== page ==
Article Text

Original research
Prognostic and clinicopathological significance of the Prognostic Nutritional Index in patients with gastrointestinal stromal tumours undergoing surgery: a meta-analysis
  1. Niansong Kang1,
  2. Hongping Gu1,
  3. Yuehan Ni2,
  4. Xia Wei3,
  5. Sihui Zheng4
  1. 1Department of Gastroenterology, Yuyao Traditional Chinese Medicine Hospital, Ningbo, Zhejiang, China
  2. 2Department of Internal Medicine, Yuyao Traditional Chinese Medicine Hospital, Ningbo, Zhejiang, China
  3. 3Department of Gastroenterology, Hangzhou TCM Hospital Affiliated to Zhejiang Chinese Medical University, Hangzhou, Zhejiang, China
  4. 4Department of Gastroenterology, The First Clinical Medical College of Zhejiang Chinese Medical University, Hangzhou, Zhejiang, China
  1. Correspondence to Dr Yuehan Ni; 215469267{at}qq.com

Abstract

Objectives Previous studies have investigated the prognostic value of the Prognostic Nutritional Index (PNI) in patients with gastrointestinal stromal tumours (GISTs). However, the results have been inconsistent. We performed a meta-analysis to quantitatively determine the prognostic and clinicopathological significance of PNI in GISTs.

Design This meta-analysis was conducted according to the Preferred Reporting Items for Systematic Reviews and Meta-Analyses statement. Pooled HRs and 95% CIs were calculated to estimate the prognostic value of PNI in patients with GISTs. Combined ORs and corresponding 95% CIs were used to evaluate the association between the PNI and clinicopathological characteristics.

Data sources The electronic databases PubMed, Web of Science, Embase and Cochrane Library were thoroughly searched from inception to December 2021.

Eligibility criteria A random-effects model or fixed-effects model was selected based on the level of heterogeneity among the included studies.

Results Eight studies comprising 2307 patients were included in this meta-analysis. A low PNI was significantly associated with worse recurrence-free survival (RFS) (HR 2.02, 95% CI 1.66 to 2.47, p<0.001) and overall survival (OS) (HR 4.35, 95% CI 1.25 to 16.83, p=0.033) in patients with GISTs. In addition, a low PNI was significantly associated with tumour size ≥5 cm (OR 1.65, 95% CI 1.21 to 2.24, p=0.002) and primary tumour site in small intestine/colorectum/extra-GISTs (OR 2.03, 95% CI 1.26 to 3.26, p=0.004).

Conclusions Patients with GISTs and a lower PNI had inferior RFS and OS. Patients with GISTs and a low PNI may have a higher risk of tumour recurrence.

  • gastrointestinal tumours
  • nutritional support
  • gastroenterology
  • nutrition
  • epidemiology

Data availability statement

Data sharing not applicable as no datasets generated and/or analysed for this study. Data sharing not applicable as no datasets generated and/or analysed for this study. All data included in this study are available on request by contacting with the corresponding author.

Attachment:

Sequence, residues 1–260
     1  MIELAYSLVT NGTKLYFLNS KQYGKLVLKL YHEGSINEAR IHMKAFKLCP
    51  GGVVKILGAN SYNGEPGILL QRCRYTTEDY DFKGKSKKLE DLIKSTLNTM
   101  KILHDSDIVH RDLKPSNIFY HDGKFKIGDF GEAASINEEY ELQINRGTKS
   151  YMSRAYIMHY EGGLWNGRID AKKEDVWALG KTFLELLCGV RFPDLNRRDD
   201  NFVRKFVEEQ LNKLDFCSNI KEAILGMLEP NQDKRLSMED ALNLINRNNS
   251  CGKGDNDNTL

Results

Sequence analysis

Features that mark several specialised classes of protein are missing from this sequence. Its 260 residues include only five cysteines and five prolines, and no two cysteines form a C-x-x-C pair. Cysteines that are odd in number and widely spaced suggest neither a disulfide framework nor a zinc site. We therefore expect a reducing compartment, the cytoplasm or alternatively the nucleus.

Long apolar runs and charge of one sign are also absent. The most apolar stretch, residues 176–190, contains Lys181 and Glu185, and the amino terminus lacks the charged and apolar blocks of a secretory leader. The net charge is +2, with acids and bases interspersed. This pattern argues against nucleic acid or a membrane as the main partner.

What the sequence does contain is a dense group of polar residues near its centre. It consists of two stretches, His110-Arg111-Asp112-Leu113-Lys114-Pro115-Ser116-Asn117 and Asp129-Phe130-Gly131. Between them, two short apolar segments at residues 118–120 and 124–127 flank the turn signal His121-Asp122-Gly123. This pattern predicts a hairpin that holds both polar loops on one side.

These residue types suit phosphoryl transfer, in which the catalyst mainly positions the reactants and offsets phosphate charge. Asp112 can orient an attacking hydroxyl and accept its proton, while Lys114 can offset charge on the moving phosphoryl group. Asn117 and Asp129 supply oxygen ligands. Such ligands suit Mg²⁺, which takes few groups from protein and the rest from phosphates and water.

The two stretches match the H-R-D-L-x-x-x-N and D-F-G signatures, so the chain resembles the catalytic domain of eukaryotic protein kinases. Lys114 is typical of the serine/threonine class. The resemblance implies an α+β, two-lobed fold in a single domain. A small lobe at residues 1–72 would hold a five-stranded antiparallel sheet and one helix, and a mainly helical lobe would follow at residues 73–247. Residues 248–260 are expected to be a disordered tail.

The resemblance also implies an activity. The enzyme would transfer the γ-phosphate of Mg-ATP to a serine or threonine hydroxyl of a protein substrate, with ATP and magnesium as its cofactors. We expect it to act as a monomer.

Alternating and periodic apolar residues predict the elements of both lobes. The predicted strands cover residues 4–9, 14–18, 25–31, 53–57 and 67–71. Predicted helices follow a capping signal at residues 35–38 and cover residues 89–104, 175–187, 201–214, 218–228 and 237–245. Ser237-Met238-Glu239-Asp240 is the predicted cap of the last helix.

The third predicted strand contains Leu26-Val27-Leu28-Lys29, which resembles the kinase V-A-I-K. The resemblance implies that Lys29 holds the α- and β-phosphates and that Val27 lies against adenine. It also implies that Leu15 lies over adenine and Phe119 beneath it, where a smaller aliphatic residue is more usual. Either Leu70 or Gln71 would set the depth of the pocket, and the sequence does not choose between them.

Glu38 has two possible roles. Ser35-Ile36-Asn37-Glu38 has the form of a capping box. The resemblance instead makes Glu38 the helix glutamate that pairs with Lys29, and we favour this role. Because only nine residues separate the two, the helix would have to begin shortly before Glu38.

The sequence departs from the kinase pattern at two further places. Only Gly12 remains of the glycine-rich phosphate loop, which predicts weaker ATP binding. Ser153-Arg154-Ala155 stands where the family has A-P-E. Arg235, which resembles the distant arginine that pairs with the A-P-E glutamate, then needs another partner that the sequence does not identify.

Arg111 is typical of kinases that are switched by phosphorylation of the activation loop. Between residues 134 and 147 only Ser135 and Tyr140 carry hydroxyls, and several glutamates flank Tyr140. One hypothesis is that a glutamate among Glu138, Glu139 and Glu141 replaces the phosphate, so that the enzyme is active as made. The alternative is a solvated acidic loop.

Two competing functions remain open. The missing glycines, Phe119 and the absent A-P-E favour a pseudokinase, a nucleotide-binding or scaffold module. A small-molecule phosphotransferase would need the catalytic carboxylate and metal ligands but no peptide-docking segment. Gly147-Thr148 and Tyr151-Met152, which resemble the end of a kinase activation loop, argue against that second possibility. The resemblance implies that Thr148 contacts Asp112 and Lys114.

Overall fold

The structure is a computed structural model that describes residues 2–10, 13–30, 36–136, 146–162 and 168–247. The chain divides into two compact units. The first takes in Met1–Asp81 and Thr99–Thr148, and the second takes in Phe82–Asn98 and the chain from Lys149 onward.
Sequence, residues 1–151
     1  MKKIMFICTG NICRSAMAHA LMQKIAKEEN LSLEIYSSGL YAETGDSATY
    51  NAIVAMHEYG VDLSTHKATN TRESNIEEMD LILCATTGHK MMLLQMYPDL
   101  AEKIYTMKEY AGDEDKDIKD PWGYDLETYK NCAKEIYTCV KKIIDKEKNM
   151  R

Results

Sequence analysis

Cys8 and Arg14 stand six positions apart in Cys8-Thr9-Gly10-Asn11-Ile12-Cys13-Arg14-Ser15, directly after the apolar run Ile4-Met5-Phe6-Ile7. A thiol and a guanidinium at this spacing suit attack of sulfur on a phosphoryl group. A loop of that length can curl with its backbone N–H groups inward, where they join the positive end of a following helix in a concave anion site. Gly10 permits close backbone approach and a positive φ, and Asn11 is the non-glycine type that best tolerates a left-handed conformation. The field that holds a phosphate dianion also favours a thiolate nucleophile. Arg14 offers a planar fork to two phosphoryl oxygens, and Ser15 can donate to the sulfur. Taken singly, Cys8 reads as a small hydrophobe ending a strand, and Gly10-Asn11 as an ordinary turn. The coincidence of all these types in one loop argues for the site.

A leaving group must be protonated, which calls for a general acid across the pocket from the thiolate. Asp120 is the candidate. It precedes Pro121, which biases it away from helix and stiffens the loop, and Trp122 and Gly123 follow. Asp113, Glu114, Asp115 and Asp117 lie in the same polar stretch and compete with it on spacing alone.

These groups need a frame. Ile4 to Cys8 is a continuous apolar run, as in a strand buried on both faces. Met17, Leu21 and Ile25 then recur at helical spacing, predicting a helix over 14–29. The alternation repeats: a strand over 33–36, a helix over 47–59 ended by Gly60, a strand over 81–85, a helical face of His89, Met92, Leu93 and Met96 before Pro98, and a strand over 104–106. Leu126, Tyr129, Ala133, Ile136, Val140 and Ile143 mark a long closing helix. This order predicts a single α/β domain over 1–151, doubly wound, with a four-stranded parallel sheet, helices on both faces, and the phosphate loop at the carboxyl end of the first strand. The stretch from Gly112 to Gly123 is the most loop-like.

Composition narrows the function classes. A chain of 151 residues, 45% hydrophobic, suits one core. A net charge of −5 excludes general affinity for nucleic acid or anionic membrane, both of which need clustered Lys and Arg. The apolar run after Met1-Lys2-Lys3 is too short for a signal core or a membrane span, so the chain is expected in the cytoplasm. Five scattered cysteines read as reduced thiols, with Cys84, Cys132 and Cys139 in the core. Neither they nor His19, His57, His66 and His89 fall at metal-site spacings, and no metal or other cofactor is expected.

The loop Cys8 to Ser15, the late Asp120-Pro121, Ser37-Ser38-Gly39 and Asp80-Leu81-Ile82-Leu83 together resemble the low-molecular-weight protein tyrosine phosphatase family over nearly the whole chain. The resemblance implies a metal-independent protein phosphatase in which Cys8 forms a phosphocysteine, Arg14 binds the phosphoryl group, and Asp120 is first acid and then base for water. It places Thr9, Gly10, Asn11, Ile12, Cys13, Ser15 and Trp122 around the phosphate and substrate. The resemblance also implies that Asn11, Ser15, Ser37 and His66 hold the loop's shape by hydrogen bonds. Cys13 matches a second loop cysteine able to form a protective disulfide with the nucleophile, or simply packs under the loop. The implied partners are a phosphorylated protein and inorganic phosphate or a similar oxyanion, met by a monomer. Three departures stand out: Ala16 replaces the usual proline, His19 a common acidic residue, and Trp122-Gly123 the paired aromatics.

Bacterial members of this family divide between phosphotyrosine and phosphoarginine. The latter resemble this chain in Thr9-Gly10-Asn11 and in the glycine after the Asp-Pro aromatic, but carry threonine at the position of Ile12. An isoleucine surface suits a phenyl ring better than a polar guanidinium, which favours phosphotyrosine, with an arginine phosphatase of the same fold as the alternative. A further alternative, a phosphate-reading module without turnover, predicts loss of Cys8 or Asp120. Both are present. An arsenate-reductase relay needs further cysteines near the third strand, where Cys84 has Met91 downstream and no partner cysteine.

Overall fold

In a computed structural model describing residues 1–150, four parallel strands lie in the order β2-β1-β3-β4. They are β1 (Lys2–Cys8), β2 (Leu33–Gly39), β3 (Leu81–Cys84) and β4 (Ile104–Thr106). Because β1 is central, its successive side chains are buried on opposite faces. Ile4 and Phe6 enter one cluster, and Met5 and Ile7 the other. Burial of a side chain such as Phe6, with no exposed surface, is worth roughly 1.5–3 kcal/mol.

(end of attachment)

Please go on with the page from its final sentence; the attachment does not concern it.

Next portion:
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STRENGTHS AND LIMITATIONS OF THIS STUDY

  • This meta-analysis was performed in accordance with the Preferred Reporting Items for Systematic Reviews and Meta-Analyses statement.

  • This meta-analysis provides novel and reliable prognostic guidance for patients with gastrointestinal stromal tumours who undergo surgery.

  • All of the included studies were retrospective cohort studies; therefore, there may be some retrospective bias.

Introduction

Gastrointestinal stromal tumours (GISTs) account for 0.1%–3% of all gastrointestinal malignant tumours.1 In Western countries, the incidence of GISTs is estimated to be 10–15 cases per million people per year, whereas in Asia, it is 16–20 cases per million people per year.2 GISTs are rare, but are the most common mesenchymal tumours of the gastrointestinal tract.3 Sixty per cent of GISTs are located in the stomach, 30% in the small intestine and others in the duodenum (4%–5%), rectum (4%), oesophagus (< 1%) and colon and appendix (1%–2%).4 The main clinical manifestations of GISTs are not disease-specific, and include haemorrhage, anaemia, indigestion and abdominal pain.5 Treatment is based on relapse risk assessment. Surgical resection with or without adjuvant imatinib mesylate (IM) is the standard treatment for patients with localised GISTs.3 GISTs carry a variable risk of recurrence and metastasis, and the risk stratification models vary depending on the disease stage. For localised GISTs, the prognostic factors are tumour location, size and mitotic rate.5 6 Other prognostic factors, such as molecular characteristics, including Kit mutations, also affect GIST survival.7 Although there are several prognostic parameters for GISTs, the survival rate of GISTs has not sustainably improved over the past decades. The 5-year survival rate of patients with metastatic GISTs is 55%. Therefore, identifying effective and novel prognostic parameters is urgently needed to guide individualised treatment of patients with GISTs.